Copyright 2004 CanWest Interactive, a division of
CanWest Global Communications Corp.
All Rights Reserved
The Gazette (Montreal, Quebec)
February 10, 2004 Tuesday Final Edition
SECTION: News; Pg. A22

LENGTH: 330 words

HEADLINE: Al-Qa'ida letter casts doubt on U.S. claims: Recruiting Iraqis to fight U.S. said to be difficult




A letter seized from an Al-Qa'ida courier shows Osama bin Laden has made little headway in recruiting Iraqis for a holy war against the United States, raising questions about the U.S. contention Iraq is the central front in the war on terror.

The 17-page letter, cited as a key piece of intelligence that offered a rare window into foreign terrorist operations in Iraq, appealed to Al-Qa'ida leaders to help spark a civil war between Iraq's two main Muslim sects in an effort to "tear the country apart," U.S. officials said yesterday.

The letter was believed written by Abu Musab al-Zarqawi, a Jordanian suspected of Al-Qa'ida links. Al-Zarqawi is the chief suspect in several recent bombings, and the administration of U.S. President George W. Bush cited his presence in Iraq as evidence of Iraq's terrorist connections even before the war.

Having found no weapons of mass destruction in Iraq, the administration has been shifting the reason for going to war to the fight against global terrorism and to oust Saddam Hussein.

Military and coalition officials who rarely speak about intelligence information were quick to describe the letter as proof of a terrorist role in the Iraqi resistance.

White House spokesperson Scott McClellan said the letter, first reported yesterday by the New York Times, shows "Iraq is the central front in the war on terrorism."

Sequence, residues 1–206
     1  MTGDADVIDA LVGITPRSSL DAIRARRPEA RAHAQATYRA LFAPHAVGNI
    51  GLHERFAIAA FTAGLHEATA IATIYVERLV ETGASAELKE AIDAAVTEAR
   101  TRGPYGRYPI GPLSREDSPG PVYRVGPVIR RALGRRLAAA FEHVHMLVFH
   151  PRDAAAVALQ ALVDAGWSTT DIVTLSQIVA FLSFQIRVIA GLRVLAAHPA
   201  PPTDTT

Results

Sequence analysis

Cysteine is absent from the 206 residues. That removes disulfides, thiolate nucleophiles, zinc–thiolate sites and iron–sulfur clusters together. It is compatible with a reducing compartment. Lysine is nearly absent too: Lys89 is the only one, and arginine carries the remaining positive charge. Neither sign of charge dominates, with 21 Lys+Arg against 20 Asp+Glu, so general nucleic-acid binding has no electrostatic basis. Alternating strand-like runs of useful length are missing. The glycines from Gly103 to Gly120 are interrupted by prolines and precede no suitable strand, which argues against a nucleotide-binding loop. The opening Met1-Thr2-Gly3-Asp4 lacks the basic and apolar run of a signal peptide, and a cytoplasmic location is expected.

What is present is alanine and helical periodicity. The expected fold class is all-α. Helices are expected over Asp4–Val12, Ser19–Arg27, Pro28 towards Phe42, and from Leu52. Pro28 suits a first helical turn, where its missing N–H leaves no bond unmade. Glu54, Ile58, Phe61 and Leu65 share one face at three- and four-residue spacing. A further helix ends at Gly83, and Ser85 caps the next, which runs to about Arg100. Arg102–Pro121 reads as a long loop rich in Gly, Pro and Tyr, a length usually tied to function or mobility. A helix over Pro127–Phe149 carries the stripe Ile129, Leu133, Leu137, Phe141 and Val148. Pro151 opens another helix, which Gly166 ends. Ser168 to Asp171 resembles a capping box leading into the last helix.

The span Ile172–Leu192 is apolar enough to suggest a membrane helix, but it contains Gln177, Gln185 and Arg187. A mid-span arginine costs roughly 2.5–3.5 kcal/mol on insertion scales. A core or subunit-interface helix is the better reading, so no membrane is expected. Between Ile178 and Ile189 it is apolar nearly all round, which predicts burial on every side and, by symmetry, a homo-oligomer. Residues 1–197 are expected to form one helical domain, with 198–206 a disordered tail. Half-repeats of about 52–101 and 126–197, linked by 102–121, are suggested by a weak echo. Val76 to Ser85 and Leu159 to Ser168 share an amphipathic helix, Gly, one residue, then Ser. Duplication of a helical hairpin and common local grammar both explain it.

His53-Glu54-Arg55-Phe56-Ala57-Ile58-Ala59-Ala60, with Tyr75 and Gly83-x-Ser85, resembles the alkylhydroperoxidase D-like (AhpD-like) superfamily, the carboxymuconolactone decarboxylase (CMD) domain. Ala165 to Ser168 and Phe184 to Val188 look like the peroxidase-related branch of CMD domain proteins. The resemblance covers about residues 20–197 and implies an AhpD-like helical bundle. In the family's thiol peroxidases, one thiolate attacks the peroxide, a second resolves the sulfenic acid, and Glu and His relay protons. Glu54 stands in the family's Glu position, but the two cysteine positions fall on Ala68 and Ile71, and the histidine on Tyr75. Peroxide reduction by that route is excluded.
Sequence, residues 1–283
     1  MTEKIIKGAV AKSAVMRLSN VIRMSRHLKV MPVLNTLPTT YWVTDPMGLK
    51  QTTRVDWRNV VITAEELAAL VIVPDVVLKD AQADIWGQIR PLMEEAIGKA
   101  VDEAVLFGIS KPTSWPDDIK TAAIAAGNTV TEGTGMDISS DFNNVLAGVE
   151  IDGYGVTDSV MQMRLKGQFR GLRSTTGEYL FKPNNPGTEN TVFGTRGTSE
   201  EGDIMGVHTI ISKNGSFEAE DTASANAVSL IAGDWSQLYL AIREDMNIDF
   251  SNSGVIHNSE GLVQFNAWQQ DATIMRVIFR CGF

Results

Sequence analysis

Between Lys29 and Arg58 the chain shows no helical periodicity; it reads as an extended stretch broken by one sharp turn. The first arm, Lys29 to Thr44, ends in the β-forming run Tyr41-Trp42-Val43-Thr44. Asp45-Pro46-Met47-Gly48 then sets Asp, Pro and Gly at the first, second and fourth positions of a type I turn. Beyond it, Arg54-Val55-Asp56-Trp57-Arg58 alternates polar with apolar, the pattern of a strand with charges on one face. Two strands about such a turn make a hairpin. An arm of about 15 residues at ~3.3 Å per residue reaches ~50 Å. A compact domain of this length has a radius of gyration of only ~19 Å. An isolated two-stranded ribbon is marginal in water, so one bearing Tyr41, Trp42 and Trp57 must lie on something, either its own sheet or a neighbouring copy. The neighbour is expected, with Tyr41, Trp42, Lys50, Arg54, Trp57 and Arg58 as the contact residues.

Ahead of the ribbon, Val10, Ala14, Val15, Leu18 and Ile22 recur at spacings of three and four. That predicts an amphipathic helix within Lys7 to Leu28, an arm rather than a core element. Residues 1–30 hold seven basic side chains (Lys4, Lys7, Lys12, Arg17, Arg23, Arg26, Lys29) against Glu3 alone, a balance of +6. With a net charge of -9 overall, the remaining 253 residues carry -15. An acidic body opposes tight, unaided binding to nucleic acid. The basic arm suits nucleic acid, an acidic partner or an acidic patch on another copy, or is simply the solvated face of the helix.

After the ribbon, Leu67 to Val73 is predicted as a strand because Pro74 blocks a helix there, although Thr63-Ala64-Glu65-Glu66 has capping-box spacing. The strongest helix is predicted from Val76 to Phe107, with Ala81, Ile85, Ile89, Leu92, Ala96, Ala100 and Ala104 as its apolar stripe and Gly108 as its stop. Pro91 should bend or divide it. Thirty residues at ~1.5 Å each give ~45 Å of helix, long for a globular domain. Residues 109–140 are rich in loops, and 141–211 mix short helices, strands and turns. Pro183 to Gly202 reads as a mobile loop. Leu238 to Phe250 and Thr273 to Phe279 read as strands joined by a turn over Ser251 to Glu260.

The letter, as quoted by the Times, acknowledges problems in recruiting Iraqis to join the fight against a U.S. force "growing stronger day after day."

"Many Iraqis would honour you as a guest and give you refuge, for you are a Muslim brother," it said. "However, they will not allow you to make their home a base for operations or a safe house."

That suggests Iraqis may be willing to support their homegrown insurgency but have little interest in backing foreign infiltrators. The letter's appeals for outside help raises questions whether Al-Qa'ida had a support network here before Saddam's downfall.

LOAD-DATE: February 10, 2004

Copyright 2004 National Post, All Rights Reserved
National Post (Canada)
March 4, 2004 Thursday National Edition
SECTION: World; Pg. A10

LENGTH: 861 words

HEADLINE: Massacre Al-Qaeda's work: U.S.: Top general says Saddam loyalists may have helped terrorists slaughter Shiites: 'Clear hallmark'

SOURCE: Bloomberg News, with files from Reuters